Sophia Magazine vol.1 / SUMMER 2015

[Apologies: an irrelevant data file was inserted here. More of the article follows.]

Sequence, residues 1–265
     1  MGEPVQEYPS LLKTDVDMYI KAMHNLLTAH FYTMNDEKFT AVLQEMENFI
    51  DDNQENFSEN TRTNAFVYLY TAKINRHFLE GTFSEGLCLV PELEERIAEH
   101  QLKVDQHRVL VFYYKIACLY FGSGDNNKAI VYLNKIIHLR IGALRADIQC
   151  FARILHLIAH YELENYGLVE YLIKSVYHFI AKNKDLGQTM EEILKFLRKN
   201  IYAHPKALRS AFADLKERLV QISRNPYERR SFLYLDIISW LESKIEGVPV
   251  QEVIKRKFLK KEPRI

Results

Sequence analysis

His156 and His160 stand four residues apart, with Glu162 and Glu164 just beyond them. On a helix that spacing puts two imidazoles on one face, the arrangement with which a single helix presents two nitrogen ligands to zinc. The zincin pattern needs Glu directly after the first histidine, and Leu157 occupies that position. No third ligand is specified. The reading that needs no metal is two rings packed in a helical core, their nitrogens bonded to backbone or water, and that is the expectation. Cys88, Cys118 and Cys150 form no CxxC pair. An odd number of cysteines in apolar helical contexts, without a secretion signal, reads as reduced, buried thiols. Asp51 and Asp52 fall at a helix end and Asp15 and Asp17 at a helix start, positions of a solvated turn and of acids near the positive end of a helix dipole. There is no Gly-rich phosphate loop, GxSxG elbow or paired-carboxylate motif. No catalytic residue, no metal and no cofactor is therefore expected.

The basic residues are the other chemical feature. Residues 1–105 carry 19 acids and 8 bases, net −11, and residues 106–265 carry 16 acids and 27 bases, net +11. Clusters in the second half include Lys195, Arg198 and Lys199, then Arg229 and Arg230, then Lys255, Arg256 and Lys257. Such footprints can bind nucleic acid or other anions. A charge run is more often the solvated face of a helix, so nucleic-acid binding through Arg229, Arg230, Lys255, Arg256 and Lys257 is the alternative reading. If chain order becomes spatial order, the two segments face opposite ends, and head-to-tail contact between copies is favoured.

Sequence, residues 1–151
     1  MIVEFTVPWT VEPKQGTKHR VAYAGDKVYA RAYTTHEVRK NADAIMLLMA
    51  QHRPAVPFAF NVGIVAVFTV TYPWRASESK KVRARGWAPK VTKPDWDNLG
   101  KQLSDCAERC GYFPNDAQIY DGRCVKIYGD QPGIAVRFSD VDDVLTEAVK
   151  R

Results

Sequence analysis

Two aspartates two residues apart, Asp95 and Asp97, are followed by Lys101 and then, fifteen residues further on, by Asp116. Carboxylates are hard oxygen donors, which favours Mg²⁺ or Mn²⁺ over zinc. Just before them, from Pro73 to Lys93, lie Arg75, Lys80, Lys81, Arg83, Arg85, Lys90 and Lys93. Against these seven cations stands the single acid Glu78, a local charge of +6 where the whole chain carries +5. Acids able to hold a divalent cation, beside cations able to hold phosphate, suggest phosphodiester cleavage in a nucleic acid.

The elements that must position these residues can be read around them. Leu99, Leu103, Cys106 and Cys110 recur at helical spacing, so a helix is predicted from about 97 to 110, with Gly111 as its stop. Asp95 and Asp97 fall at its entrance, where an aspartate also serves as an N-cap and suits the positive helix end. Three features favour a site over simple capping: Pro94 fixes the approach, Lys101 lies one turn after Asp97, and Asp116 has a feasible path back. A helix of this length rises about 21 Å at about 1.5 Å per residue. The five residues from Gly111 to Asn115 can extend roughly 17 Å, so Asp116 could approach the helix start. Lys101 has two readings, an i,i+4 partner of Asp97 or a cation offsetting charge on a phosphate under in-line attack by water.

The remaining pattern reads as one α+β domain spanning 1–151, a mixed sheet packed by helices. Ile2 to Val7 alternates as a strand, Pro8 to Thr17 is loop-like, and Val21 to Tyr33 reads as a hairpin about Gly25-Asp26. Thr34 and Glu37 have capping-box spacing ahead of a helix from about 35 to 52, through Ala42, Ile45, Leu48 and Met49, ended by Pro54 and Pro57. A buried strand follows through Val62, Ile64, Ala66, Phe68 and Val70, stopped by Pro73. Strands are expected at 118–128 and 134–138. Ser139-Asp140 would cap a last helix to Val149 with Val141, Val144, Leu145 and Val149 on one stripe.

10cables is increasing day by day,” Professor Takahashi ex-plains. “Especially, after the year 2000, many more people started using the internet and the volume of information transmitted increased rapidly. Compared to the volume in the 1980s, when the telephone was the primary means of transmitting information, the volume of information trans-mitted via optical ber cables has increased 100,000 times.” The research on optical ber communications has been a relentless pursuit to improve communication speed over the last 30 years. Among several methods available for doing this, the method that Professor Takahashi is working on is called wavelength-division multiplexing (WDM). “To im-prove the information transmission speed, it is necessary to Since optical ber cables are laid underground or on the seabed, we rarely get a chance to see them. An optical ber communication network, however, is an essential part of the infrastructure of an information-based society, just like water, gas, and electricity services. Optical ber cables underpin all kinds of information communication services, from landline phones to smartphones, internet communica-tion services, TV transmissions, as well as online banking systems. “The volume of information transmitted via optical ber Developer of ElementUsed to Sustain the InternetProfessor Hiroshi Takahashi, who became a professor at So-phia University in April 2013 at the Department of Informa-tion and Communication Sciences in the Faculty of Science and Technology, is in charge of research and development of a fundamental technology of optical ber communications. The purpose of this research is to increase the communication speed and volume of information transmitted via optical ber. To achieve this, Professor Takahashi succeeded in developing on a single chip optical waveguide gratings, which are indispens-able to wavelength-division multiplexing. For this achieve-ment, the professor was elevated to Fellow at the IEEE in 2014 and received the Commendation for Science and Technology from the Minister of Education, Culture, Sports, Science and Technology in 2015.Single-Chip Dispersive ElementDramatically Improves the TransmissionSpeed of Optical CommunicationsResearch

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